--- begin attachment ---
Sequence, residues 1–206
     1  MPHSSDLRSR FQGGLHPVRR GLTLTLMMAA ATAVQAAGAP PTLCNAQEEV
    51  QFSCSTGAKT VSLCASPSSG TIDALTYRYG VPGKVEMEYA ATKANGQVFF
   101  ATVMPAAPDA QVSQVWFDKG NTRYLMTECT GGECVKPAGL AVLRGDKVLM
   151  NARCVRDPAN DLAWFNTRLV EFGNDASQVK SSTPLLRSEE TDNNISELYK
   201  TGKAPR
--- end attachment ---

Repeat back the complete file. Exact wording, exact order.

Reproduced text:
Sequence, residues 1–206
     1  MPHSSDLRSR FQGGLHPVRR GLTLTLMMAA ATAVQAAGAP PTLCNAQEEV
    51  QFSCSTGAKT VSLCASPSSG TIDALTYRYG VPGKVEMEYA ATKANGQVFF
   101  ATVMPAAPDA QVSQVWFDKG NTRYLMTECT GGECVKPAGL AVLRGDKVLM
   151  NARCVRDPAN DLAWFNTRLV EFGNDASQVK SSTPLLRSEE TDNNISELYK
   201  TGKAPR